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Jan 2017: keeping chickens in. What happens?

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The next generation.

image001Many people ask us if our boys are interested in farming. I would say that they are interested in the business side of farming and butchery but are less enthusiastic about the hard work side of it, which I can hardly blame them for.

They do however, understand more about food and its production than the average 15 & 17 year olds, and that is a good thing. My eldest son, has taken his father’s love of the land and wildlife and is a passionate and committed conservationist, and in an effort to hone his writing and photography skills, has started a blog. He has agreed to guest here and we have chosen his recent posting about beavers.

Tree DamageLocally, the uncontrolled reintroduction of beavers, and their subsequent rapid spread throughout the Tay and Earn valley river system is causing problems. They block waterways, and fields previously good for cultivation, are being downgraded to less valuable permanent grazing land. Like many conservation issues there is no right or wrong answer and his piece highlights the tensions that can occur between the needs of farmers and conservationists.

An extract from https://talesofayoungnaturalist.wordpress.com

A new year, in my experience, always begins by looking back at the old one. In particular, my mind dwells on a resurgent mammal that would I had hoped would have been awarded status of British native, but wasn’t.

I'm referring to the European beaver. Having been wiped out from the UK in the 17th century, four pairs were reintroduced to Argyll’s Knapdale Forest in 2009, as part of the Scottish Beaver Trial.

Since 2006, beavers have been present on the loch of Aigas estate and before that, beavers were well established in Scotland, with a population of approx 200 established in the River Tay since escaping in 2001. Yet they have no formal protection and, being classed as feral, this has resulted in the sometimes indiscriminate killing of the beavers on the Tay. Reasons vary, with claims such as beavers “destroying woodlands”, “ruining fish stocks” and being a general threat to wildlife.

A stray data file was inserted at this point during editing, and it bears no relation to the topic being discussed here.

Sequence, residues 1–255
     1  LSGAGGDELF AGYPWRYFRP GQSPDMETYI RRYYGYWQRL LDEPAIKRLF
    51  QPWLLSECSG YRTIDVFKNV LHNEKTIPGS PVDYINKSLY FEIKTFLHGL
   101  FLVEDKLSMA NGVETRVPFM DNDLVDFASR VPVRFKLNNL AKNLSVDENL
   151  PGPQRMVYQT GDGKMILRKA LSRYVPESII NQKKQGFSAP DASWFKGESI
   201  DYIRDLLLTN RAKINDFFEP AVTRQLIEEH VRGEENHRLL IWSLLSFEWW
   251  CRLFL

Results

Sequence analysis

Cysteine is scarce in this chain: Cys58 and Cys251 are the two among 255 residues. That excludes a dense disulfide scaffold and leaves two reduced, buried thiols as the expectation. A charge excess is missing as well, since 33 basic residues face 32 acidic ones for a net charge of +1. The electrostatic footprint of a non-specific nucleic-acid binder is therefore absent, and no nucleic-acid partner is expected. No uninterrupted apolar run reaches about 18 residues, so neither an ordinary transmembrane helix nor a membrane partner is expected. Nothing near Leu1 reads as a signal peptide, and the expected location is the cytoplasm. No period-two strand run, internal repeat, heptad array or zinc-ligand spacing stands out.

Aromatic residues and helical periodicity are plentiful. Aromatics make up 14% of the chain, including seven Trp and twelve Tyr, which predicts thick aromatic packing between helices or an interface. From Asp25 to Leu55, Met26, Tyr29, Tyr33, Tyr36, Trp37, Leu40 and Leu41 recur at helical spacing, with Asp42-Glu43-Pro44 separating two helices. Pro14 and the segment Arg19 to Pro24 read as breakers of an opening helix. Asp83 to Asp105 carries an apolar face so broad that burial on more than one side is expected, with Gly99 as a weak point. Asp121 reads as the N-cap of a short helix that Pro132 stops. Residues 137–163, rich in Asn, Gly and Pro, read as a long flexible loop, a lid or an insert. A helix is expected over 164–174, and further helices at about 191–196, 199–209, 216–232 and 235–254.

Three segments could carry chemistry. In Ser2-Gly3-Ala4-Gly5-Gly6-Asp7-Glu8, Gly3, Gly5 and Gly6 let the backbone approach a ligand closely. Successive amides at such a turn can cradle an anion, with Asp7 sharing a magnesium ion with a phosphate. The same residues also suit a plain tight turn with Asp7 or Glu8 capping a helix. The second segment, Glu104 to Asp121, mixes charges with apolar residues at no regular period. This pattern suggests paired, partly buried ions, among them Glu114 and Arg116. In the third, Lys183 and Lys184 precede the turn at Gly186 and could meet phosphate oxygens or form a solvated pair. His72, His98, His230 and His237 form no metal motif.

As a native species, however, the beaver has a niche in wetland ecology, even if it is a niche vacant for 400 years. Though the site of a grove of trees felled by beavers may appear alarming at first, in the long-term, this is an effective example of natural coppicing, whereby trees, through repetitive gnawing of stems, develop their ability to re-grow branches. Coppicing of stems by beavers helps increase sunlight falling on the ground floor, thus benefiting ground flora. By creating dead wood, beavers also help a range of cavity-nesting birds, invertebrates and fungi.

Perhaps beavers are best known for building dams, to reduce the velocity of a water body. Despite concerns about these dams impact on salmon, evidence from Sweden and Poland shows that, while there is a risk of dams hindering migrating salmon, this is counteracted by how beaver dams act as nursery beds for salmon fry. Indeed, salmon in dammed rivers are, on average, larger than those without. Amphibians benefit too: the Devon Beaver Project showed an increase in frogspawn clumps over 2 years. John Lister-Kaye has reported as of July 2015 that the beavers on Aigas loch have increased total biodiversity by a factor of 3.

Despite such positive effects on biodiversity, there is still fear of beavers affecting productive farmland. Beaver dams can indeed flood farmland and create areas of rushes and unpalatable grasses, yet this is often localised, and can be dealt with using non-lethal methods, such as repetitive dismantling of beaver dams.

So how does a project commenced 7 years ago concern 2015? Last year the trial wrapped up, and the final report was collated. Scottish Beaver Trial polls found 60% of correspondents supported reintroduction, while only 5% were strongly opposed. This would have been the first reintroduction of a mammal to the UK.

Discussion of the report by Scottish Parliament was supposed to have been well underway by now, with the final verdict intended to have come out in March 2015. However, it was postponed, allegedly due to clashing with the General Election, until November or December 2015 for the final verdict. Again, no final statement materialised. With any luck, it will be issued in the next 12 months. I have concerns for even that: I fear that the upcoming Scottish elections will delay the report even further and hamper the conclusion of this piece of environmental policy.

Taking a wider perspective though, Nicola Sturgeon has recently begun to unveil her policies for 2016, concerning health, education and welfare. Can I call for an environmental policy, not just for the SNP, but for all parties running in the Scottish election?

Image courtesy of the Scottish Beaver Trial 

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